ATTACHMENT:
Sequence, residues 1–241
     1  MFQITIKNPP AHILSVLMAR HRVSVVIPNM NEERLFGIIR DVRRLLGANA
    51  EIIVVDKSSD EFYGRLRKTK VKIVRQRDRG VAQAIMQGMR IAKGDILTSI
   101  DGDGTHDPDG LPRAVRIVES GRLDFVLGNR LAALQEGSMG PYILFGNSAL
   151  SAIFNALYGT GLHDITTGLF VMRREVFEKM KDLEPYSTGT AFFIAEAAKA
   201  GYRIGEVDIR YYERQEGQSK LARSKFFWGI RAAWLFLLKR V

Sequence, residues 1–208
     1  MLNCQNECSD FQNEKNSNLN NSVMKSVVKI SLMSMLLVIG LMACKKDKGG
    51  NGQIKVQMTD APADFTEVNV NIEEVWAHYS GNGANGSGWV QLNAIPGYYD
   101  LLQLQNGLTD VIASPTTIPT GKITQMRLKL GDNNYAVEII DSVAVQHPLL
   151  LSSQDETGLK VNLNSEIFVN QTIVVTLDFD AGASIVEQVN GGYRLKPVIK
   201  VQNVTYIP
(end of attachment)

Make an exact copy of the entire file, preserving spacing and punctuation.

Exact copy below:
Sequence, residues 1–241
     1  MFQITIKNPP AHILSVLMAR HRVSVVIPNM NEERLFGIIR DVRRLLGANA
    51  EIIVVDKSSD EFYGRLRKTK VKIVRQRDRG VAQAIMQGMR IAKGDILTSI
   101  DGDGTHDPDG LPRAVRIVES GRLDFVLGNR LAALQEGSMG PYILFGNSAL
   151  SAIFNALYGT GLHDITTGLF VMRREVFEKM KDLEPYSTGT AFFIAEAAKA
   201  GYRIGEVDIR YYERQEGQSK LARSKFFWGI RAAWLFLLKR V

Sequence, residues 1–208
     1  MLNCQNECSD FQNEKNSNLN NSVMKSVVKI SLMSMLLVIG LMACKKDKGG
    51  NGQIKVQMTD APADFTEVNV NIEEVWAHYS GNGANGSGWV QLNAIPGYYD
   101  LLQLQNGLTD VIASPTTIPT GKITQMRLKL GDNNYAVEII DSVAVQHPLL
   151  LSSQDETGLK VNLNSEIFVN QTIVVTLDFD AGASIVEQVN GGYRLKPVIK
   201  VQNVTYIP